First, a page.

14:1 At that time 1 Amraphel king of Shinar, 2 Arioch king of Ellasar, Kedorlaomer king of Elam, and Tidal king of nations 3 14:2 went to war 4 against Bera king of Sodom, Birsha king of Gomorrah, Shinab king of Admah, Shemeber king of Zeboiim, and the king of Bela (that is, Zoar). 5 14:3 These last five kings 6 joined forces 7 in the Valley of Siddim (that is, the Salt Sea). 8 14:4 For twelve years 9 they had served Kedorlaomer, but in the thirteenth year 10 they rebelled. 11 14:5 In the fourteenth year, Kedorlaomer and the kings who were his allies came and defeated 12 the Rephaites in Ashteroth Karnaim, the Zuzites in Ham, the Emites in Shaveh Kiriathaim, 14:6 and the Horites in their hill country of Seir, as far as El Paran, which is near the desert. 13 14:7 Then they attacked En Mishpat (that is, Kadesh) again, 14 and they conquered all the territory of the Amalekites, as well as the Amorites who were living in Hazazon Tamar.
14:8 Then the king of Sodom, the king of Gomorrah, the king of Admah, the king of Zeboiim, and the king of Bela (that is, Zoar) went out and prepared for battle. In the Valley of Siddim they met 15 14:9 Kedorlaomer king of Elam, Tidal king of nations, 16 Amraphel king of Shinar, and Arioch king of Ellasar. Four kings fought against 17 five. 14:10 Now the Valley of Siddim was full of tar pits. 18 When the kings of Sodom and Gomorrah fled, they fell into them, 19 but some survivors 20 fled to the hills. 21 14:11 The four victorious kings 22 took all the possessions and food of Sodom and Gomorrah and left. 14:12 They also took Abram’s nephew 23 Lot and his possessions when 24 they left, for Lot 25 was living in Sodom. 26
1 tn The sentence begins with the temporal indicator וַיְהִי (vayÿhi) followed by “in the days of.”
3 tn Or “king of Goyim.” The Hebrew term גּוֹיִם (goyim) means “nations,” but a number of modern translations merely transliterate the Hebrew (cf. NEB “Goyim”; NIV, NRSV “Goiim”).
4 tn Heb “made war.”
sn Went to war. The conflict here reflects international warfare in the Early and Middle Bronze periods. The countries operated with overlords and vassals. Kings ruled over city states, or sometimes a number of city states (i.e., nations). Due to their treaties, when one went to war, those confederate with him joined him in battle. It appears here that it is Kedorlaomer’s war, because the western city states have rebelled against him (meaning they did not send products as tribute to keep him from invading them).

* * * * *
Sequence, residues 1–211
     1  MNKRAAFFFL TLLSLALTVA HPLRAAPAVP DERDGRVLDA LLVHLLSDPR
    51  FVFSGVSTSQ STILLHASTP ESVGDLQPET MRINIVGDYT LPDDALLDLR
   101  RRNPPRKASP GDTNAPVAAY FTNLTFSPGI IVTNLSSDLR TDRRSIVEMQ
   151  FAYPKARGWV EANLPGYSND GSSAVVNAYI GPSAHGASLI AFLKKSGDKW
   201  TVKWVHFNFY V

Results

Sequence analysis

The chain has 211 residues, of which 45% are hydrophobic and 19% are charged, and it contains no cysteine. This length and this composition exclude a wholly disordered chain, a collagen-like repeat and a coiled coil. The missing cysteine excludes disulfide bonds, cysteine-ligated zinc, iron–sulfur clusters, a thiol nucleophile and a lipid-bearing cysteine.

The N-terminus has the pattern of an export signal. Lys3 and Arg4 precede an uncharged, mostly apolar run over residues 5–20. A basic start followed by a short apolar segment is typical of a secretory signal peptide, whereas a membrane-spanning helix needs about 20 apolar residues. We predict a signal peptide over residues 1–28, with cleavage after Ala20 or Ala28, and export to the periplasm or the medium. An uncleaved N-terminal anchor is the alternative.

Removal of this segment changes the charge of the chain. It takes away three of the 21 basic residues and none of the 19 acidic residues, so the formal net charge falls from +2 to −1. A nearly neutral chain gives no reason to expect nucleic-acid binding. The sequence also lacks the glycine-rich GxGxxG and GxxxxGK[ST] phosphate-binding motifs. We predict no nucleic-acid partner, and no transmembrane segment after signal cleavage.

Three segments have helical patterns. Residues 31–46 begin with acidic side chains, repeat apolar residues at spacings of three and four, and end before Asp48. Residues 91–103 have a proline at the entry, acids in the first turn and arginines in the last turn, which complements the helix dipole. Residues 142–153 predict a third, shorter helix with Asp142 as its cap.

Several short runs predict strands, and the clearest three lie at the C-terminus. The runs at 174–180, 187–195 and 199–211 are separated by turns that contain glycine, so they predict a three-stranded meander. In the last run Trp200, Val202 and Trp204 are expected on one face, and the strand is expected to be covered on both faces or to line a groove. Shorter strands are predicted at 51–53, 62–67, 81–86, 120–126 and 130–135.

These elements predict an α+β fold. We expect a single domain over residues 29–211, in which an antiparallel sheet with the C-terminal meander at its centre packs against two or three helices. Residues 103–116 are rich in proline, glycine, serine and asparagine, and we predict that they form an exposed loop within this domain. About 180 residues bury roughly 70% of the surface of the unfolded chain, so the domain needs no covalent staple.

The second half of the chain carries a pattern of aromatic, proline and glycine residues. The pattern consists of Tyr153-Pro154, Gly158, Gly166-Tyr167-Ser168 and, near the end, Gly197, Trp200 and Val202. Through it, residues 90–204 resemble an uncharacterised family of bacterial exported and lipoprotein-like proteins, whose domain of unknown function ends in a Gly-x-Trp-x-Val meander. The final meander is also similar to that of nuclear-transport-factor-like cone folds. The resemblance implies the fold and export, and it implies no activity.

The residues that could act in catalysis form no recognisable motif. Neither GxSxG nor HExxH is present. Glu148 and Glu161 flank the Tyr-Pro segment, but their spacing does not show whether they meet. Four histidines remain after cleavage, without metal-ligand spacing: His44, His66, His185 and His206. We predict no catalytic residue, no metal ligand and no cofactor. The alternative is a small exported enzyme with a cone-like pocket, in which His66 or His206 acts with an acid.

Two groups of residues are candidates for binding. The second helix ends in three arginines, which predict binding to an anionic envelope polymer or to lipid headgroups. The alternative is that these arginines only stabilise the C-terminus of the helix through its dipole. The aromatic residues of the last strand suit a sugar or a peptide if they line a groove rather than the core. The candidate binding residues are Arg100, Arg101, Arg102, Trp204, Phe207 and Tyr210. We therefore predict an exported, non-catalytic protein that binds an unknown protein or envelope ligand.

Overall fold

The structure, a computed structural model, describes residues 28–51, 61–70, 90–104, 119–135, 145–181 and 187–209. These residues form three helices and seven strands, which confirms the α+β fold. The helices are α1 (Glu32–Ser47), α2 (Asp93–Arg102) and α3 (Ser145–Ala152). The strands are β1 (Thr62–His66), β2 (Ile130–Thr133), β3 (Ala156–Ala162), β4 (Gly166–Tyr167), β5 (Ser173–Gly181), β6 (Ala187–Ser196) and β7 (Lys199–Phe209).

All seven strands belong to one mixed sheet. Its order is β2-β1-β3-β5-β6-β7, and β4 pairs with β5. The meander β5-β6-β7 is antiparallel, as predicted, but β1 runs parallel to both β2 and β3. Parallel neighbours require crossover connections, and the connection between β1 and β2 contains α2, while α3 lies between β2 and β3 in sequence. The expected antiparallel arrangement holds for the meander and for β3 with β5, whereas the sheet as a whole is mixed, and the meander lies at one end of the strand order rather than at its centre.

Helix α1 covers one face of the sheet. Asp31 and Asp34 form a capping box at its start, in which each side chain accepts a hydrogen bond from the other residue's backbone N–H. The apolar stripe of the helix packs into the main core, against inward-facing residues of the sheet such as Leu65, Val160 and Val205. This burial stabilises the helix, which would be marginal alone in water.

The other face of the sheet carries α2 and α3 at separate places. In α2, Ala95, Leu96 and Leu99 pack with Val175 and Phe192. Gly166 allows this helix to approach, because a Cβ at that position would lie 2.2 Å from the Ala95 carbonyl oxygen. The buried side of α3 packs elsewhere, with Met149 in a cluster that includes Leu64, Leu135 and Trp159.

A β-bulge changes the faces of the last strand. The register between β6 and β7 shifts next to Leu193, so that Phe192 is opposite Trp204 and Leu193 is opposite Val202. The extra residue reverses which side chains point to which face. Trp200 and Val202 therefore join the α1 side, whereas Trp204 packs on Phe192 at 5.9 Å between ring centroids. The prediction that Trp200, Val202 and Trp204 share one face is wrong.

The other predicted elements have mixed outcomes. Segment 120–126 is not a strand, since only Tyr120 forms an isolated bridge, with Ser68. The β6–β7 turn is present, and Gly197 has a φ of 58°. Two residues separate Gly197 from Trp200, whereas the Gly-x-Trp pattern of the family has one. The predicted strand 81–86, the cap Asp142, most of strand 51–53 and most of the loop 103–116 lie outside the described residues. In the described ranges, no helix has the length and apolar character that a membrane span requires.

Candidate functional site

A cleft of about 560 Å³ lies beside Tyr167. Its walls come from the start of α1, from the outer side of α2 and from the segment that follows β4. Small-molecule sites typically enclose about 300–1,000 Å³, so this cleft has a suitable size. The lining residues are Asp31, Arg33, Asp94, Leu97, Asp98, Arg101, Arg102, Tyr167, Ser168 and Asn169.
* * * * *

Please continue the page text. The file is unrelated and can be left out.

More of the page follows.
5 sn On the geographical background of vv. 1-2 see J. P. Harland, “Sodom and Gomorrah,” The Biblical Archaeologist Reader, 1:41-75; and D. N. Freedman, “The Real Story of the Ebla Tablets, Ebla and the Cities of the Plain,” BA 41 (1978): 143-64.
6 tn Heb “all these,” referring only to the last five kings named. The referent has been specified as “these last five kings” in the translation for clarity.
7 tn The Hebrew verb used here means “to join together; to unite; to be allied.” It stresses close associations, especially of friendships, marriages, or treaties.
8 sn The Salt Sea is the older name for the Dead Sea.
9 tn The sentence simply begins with “twelve years”; it serves as an adverbial accusative giving the duration of their bondage.
10 tn This is another adverbial accusative of time.
11 sn The story serves as a foreshadowing of the plight of the kingdom of Israel later. Eastern powers came and forced the western kingdoms into submission. Each year, then, they would send tribute east – to keep them away. Here, in the thirteenth year, they refused to send the tribute (just as later Hezekiah rebelled against Assyria). And so in the fourteenth year the eastern powers came to put them down again. This account from Abram’s life taught future generations that God can give victory over such threats – that people did not have to live in servitude to tyrants from the east.
12 tn The Hebrew verb נָכָה (nakhah) means “to attack, to strike, to smite.” In this context it appears that the strike was successful, and so a translation of “defeated” is preferable.
13 sn The line of attack ran down the eastern side of the Jordan Valley into the desert, and then turned and came up the valley to the cities of the plain.
14 tn Heb “they returned and came to En Mishpat (that is, Kadesh).” The two verbs together form a verbal hendiadys, the first serving as the adverb: “they returned and came” means “they came again.” Most English translations do not treat this as a hendiadys, but translate “they turned back” or something similar. Since in the context, however, “came again to” does not simply refer to travel but an assault against the place, the present translation expresses this as “attacked…again.”
15 tn Heb “against.”
17 tn The Hebrew text has simply “against.” The word “fought” is supplied in the translation for stylistic reasons.
18 tn Heb “Now the Valley of Siddim [was] pits, pits of tar.” This parenthetical disjunctive clause emphasizes the abundance of tar pits in the area through repetition of the noun “pits.”
sn The word for “tar” (or “bitumen”) occurs earlier in the story of the building of the tower in Babylon (see Gen 11:3).
19 tn Or “they were defeated there.” After a verb of motion the Hebrew particle שָׁם (sham) with the directional heh (שָׁמָּה, shammah) can mean “into it, therein” (BDB 1027 s.v. שָׁם).
20 tn Heb “the rest.”
21 sn The reference to the kings of Sodom and Gomorrah must mean the kings along with their armies. Most of them were defeated in the valley, but some of them escaped to the hills.
23 tn Heb “Lot the son of his brother.”
24 tn Heb “and.”
25 tn Heb “he”; the referent (Lot) has been specified in the translation for clarity.
26 tn This disjunctive clause is circumstantial/causal, explaining that Lot was captured because he was living in Sodom at the time.